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Uruguay promotes national workshops to promote the inclusion of girls and adolescents in science and technology

Uruguay promotes national workshops to promote the inclusion of girls and adolescents in science and technology

According to data from Uruguay's National Institute of Statistics (INE), women represent only about 30 per cent of those graduating in STEM (Science, Technology, Engineering and Mathematics) related careers in higher education. This gender disparity persists in specific sectors such as technology and engineering, where women constitute a minority compared to men.

 

In an effort to strengthen the equitable inclusion of girls and adolescents in the field of science and technology, the National Public Education Administration (ANEP) of Uruguay, in collaboration with the European Union's EUROsociAL programme and the Uruguayan Agency for International Cooperation (AUCI), has organised two national workshops for teachers from all over the country, on 23 April in Montevideo and on 25 April in Salto.

 

With the overall objective of raising awareness and strengthening the capacities of teachers on this crucial issue, the workshops aim to specifically address two key aspects: gender and STEM awareness, as well as gender-sensitive science and technology education.

 

International expert Sarah Peers, from the New Model Institute for Technology and Engineering in the UK, has led these sessions and will address topics ranging from the importance of gender and STEM awareness to the need for gender-sensitive science and technology education.

 

In addition to the workshops, the expert and president of the International Network of Women Engineers and Scientists is developing a guide for teachers to provide tools to rethink their classroom practice with the ultimate goal of encouraging full participation of girls and adolescents in STEM areas. Inspired by international models, this guide will be adapted to the Uruguayan context to maximise its effectiveness in the country's classrooms.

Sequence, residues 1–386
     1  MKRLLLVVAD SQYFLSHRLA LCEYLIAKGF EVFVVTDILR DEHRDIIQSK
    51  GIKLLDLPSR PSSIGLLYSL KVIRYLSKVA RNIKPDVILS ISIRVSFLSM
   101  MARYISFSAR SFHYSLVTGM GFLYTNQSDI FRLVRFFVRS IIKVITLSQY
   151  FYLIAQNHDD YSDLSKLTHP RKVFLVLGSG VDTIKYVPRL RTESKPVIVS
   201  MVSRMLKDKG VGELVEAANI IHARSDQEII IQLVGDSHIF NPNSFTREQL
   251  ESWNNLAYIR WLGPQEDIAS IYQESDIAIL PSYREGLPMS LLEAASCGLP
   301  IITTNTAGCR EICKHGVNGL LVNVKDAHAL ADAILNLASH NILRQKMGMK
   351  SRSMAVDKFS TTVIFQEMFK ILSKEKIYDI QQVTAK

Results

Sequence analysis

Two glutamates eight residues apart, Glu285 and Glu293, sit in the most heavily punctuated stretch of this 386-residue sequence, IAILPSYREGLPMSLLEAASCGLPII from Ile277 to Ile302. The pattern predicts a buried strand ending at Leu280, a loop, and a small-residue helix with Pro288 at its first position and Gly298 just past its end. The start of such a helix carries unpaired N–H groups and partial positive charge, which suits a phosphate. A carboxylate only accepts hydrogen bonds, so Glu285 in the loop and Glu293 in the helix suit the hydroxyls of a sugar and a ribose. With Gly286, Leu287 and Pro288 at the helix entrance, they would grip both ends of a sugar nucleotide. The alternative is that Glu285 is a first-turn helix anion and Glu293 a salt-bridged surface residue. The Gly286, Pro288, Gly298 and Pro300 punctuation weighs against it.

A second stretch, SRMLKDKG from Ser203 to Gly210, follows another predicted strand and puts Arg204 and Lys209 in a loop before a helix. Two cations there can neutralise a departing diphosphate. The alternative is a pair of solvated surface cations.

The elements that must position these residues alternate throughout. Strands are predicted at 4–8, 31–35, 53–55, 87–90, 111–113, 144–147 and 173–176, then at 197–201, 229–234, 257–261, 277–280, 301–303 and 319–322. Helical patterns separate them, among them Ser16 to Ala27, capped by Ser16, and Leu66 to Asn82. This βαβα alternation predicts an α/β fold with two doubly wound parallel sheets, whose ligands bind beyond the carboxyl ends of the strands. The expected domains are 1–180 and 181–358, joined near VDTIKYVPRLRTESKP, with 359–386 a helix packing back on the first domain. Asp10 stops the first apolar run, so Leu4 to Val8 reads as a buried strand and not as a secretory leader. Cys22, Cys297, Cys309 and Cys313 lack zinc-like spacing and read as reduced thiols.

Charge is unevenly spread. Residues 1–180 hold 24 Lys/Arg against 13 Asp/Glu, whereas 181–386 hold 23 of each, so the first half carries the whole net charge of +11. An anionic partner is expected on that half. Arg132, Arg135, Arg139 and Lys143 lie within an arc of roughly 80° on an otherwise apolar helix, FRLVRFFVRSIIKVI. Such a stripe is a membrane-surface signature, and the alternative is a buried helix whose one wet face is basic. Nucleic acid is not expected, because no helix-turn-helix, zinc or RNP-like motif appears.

For ANEP, these initiatives are aligned with the Uruguayan government's gender equality objectives, specifically in the promotion of women's economic autonomy. By expanding opportunities for girls and adolescents in STEM areas, it is expected to contribute significantly to this goal.

 

"These actions not only have an impact on the education and empowerment of girls and adolescents, but also promote greater social cohesion and contribute to the reduction of gender inequalities in the country," adds Marta Ramirez, Cooperation Attaché of the Delegation of the European Union in Uruguay.

 

As the guide points out, when looking at promising and important economic sectors for Uruguay, it is clear that the equal participation of girls and women in STEM is crucial. For example, in the context of the green transition, Uruguay has invested in renewable energies, such as wind and solar, to diversify its energy matrix and reduce carbon emissions.

 

As the guide points out, when looking at promising and important economic sectors for Uruguay, it is clear that equal participation of girls and women in STEM is critical. For example, in the context of the green transition, Uruguay has invested in renewable energy, such as wind and solar, to diversify its energy matrix and reduce carbon emissions. However, women are underrepresented in key roles in this industry. Promoting women's participation in areas such as environmental engineering and renewable energy management is not only a matter of equity, but also enriches decision-making and promotes innovation in this strategic sector.

 

For Betiana Gilino, AUCI cooperation technician, understanding the importance of promoting change for women and girls in STEM in Uruguay means recognising the economic and social opportunities that are being lost due to the lack of gender diversity in key sectors. "By addressing this gap and working towards equal opportunities in STEM, Uruguay can move towards a more inclusive, equitable and innovative society," he said.

 

James Newby, CEO and President of the New Model Institute for Technology and Engineering stresses that "at NMITE we try to do things differently and challenge the status quo, including gender issues in engineering and technology. We are therefore particularly proud to have Dr Sarah Peers lead these workshops, which address the promotion of gender mainstreaming in STEM education".

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